It's been a while since I've written anything about my riding lately, as I've been busy with school and riding too much to find some time to sit down and type something out and edit a video. I've been plagued in the past with my riding spots being closed, condemned, or just torn down. I'm from El Cajon, in San Diego, which is basically nothing but houses with very few open hills to build on. Of those few hills, even fewer still are not plastered with no trespassing, do not pass go, go to directly to jail signs. So basically I'm left with nothing to use to train on, and I can't build anything because San Diego gets less rain per year than the freakin' Sahara. You get the idea...This is where the whole concept of, "Dude, Just find a way, It can be done," came from.
These past two years have been amazing, I've been riding as much as I can and trying to progress fast enough to keep up with the competition, which is proving to be a battle. In 2010 I made the decision to focus on my riding more, and decided the best way to do so, would be to simply test out of highschool (at the age of 16) and start college. This proved to be one of the best things I could do, as I now didn't have to waste time with dead end classes that where going no where, and could split my time between important classes in college, and riding.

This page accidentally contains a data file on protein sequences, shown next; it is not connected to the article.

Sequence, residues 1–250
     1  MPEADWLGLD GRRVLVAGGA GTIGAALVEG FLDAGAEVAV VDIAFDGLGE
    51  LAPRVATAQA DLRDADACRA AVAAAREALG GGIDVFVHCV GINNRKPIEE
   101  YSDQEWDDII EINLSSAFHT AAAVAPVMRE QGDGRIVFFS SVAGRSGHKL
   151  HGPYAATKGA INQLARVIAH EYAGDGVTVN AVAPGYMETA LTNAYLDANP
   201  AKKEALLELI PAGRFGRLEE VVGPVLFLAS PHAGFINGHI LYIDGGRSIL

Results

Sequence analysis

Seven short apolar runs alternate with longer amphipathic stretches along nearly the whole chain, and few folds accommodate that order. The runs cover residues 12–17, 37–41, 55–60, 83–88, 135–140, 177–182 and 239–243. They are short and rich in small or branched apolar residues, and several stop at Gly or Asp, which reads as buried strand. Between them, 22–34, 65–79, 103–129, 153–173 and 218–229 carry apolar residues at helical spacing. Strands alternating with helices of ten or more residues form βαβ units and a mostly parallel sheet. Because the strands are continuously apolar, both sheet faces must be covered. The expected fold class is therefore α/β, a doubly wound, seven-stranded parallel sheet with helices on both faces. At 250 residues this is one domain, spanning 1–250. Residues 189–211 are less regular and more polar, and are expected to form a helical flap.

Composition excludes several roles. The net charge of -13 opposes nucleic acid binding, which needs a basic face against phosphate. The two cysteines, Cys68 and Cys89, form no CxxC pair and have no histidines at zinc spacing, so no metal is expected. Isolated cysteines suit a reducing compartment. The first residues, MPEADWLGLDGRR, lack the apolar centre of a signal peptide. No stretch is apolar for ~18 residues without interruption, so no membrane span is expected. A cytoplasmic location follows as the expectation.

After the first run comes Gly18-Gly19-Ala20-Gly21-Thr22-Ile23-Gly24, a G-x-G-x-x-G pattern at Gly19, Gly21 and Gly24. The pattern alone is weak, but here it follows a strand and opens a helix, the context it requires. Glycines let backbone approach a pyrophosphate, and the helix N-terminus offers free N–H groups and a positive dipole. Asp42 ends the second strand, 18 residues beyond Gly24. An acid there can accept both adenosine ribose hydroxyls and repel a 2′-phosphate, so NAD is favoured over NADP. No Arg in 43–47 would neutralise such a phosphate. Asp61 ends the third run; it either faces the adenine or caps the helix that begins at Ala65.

I do some racing too
So, this is great right, all this time and...Nowhere to ride. Thankfully, I made this decision in winter, so the two inches of rain we get per year is coming soon. I spent the winter building what would be my only local riding spots for the year ahead, since we can only build about two weeks a year. Luckily, I also have some DJ spots close by that I built years ago in my BMX days that have been maintained and made bigger by the BMX community. They're small, but it's better than nothing.
What's the point of all this effort? Well, as many of you know, I consider myself to be a big mountain freerider, and with the return of the Rampage in 2010, I wanted to get an invite to it. With all these negative things that seem to aspire against, I was lucky enough to have very supportive parents who agreed to take me to the old rampage site a couple times over the 2009-2010 season to train and ride. After three trips I was familiar enough with the terrain that I was able to send in some videos and pictures to Redbull, and receive an invite! This has been a goal for me ever since I saw my first rampage in 2004 on DVD.
Practicing in Virgin, Utah
One of my favorites
Getting zesty on the Karpiel